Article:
Beckett sues pipeline builder over ocelot habitat

Associated Press Modified: October 17, 2012 at 5:16 pm •  Published: October 17, 2012
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McALLEN, Texas (AP) — Not even the legal equivalent of a fastball under the chin could stop a Texas pipeline builder from clearing acres of brush that Los Angeles Dodgers pitcher Josh Beckett claims is critical habitat for the endangered ocelot.

A federal lawsuit filed Tuesday in Laredo by two of Beckett's companies asks a judge to stop any further work on the natural gas pipeline and specify what the builder must do under the Endangered Species Act. The companies filed a motion for a temporary restraining order Wednesday that included a statement from Beckett describing two occasions when he saw what he believes were ocelots.

But the clearing of about 40 acres of thick native scrub on a 7,000-acre hunting ranch about 100 miles southwest of San Antonio was finished earlier this month despite a warning Beckett's lawyers sent to Eagle Ford Midstream LP and its parent NET Midstream in August.

The pipeline company had obtained an easement across Beckett's Herradura Ranch in state court, according to the lawsuit. Beckett Ventures Inc. and Hall of Fame Land Ventures LP claim that they urged the company to choose a shorter, direct path rather than the diagonal swath that was cleared.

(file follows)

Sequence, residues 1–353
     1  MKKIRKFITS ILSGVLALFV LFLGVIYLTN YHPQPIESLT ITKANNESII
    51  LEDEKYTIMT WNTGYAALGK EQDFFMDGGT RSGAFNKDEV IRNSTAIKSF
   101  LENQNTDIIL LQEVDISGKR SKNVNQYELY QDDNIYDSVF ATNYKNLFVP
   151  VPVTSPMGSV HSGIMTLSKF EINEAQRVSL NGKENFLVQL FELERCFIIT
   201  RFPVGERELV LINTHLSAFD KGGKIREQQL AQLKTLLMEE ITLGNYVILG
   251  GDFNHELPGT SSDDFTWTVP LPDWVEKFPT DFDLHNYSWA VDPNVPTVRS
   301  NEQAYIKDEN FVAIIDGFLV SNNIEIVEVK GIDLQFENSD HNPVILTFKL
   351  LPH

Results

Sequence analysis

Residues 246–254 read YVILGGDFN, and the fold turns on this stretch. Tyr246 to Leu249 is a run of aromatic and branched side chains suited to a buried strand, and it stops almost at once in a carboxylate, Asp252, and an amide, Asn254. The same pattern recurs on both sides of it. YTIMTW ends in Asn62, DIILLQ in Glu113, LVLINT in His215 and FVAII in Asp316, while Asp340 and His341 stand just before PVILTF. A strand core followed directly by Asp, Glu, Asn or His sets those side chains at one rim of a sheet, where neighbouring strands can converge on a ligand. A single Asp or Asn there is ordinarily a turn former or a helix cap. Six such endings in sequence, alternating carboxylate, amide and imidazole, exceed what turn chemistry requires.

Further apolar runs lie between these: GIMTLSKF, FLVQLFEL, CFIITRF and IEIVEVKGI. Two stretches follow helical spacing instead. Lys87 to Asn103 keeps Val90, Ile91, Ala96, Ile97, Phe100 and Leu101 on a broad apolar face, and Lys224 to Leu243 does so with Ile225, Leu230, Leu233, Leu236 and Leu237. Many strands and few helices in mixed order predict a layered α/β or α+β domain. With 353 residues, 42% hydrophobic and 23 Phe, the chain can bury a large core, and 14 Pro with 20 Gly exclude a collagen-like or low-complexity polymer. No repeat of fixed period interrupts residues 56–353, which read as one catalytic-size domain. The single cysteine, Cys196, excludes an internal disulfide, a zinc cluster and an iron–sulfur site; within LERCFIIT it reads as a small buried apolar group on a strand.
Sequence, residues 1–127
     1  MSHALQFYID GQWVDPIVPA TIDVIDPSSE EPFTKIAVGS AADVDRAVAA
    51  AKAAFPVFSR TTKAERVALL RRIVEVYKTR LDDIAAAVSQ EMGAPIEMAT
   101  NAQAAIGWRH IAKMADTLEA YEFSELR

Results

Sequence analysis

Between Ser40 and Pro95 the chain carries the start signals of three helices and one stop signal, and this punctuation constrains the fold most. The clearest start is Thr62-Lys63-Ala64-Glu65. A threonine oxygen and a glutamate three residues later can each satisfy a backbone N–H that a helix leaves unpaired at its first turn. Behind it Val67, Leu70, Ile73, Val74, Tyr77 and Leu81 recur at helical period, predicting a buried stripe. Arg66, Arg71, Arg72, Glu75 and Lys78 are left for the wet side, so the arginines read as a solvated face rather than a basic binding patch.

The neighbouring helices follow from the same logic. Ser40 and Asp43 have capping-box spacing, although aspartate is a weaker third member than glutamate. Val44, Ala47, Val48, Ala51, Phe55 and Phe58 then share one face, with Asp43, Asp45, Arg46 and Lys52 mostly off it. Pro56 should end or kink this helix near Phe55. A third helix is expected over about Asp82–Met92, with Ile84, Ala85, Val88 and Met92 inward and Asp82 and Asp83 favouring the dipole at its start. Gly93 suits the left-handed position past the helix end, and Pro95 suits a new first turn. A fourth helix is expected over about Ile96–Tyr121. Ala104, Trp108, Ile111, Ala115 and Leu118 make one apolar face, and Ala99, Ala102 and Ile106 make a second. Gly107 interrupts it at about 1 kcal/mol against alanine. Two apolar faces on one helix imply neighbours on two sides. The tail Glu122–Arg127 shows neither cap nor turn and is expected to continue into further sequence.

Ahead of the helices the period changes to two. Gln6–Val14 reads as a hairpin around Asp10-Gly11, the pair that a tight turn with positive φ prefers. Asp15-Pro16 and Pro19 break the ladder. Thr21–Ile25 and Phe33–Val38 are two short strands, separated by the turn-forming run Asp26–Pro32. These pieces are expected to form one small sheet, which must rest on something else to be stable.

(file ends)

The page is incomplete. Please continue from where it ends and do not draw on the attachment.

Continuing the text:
"Plaintiffs have attempted repeatedly, and failed, to persuade defendants to adopt an environmentally responsible route that will not cause a prohibited 'take' of the endangered ocelot, which has been spotted on the ranch and which has extensive habitat on the ranch," according to the motion filed Wednesday.

A phone message left with Eagle Ford Midstream's parent company wasn't immediately returned.

But the company filed a response with the court Wednesday, arguing that the hunting ranch's activity posed a greater threat than their pipeline. They pointed out that a state court denied Beckett's similar request to halt their project earlier this month.

Jim Blackburn, who filed the lawsuit, said Beckett's companies went to state court first because the waiting period for federal jurisdiction under the Endangered Species Act hadn't passed before Eagle Ford Midstream started clearing land. He thinks Eagle Ford intentionally destroyed the habitat during that waiting period.

"We were trying to do everything we could to stop them from clearing the vegetation," Blackburn said.

Eagle Ford Midstream noted that e-mails it received from Beckett's lawyers in April requested an alternative route because of the impact on an irrigation system and the ranch's hunting business with no mention of endangered species.

"The protection of the ocelot was merely a sham to leverage additional money from (Eagle-Ford Midstream) in exchange for an easement," the response said.

Beckett was bow hunting from a camouflaged blind on the ranch six years ago when he saw a "very stealthy" cat with unusual markings come through a fence and walk down a drainage, according to statement filed with the court Wednesday.



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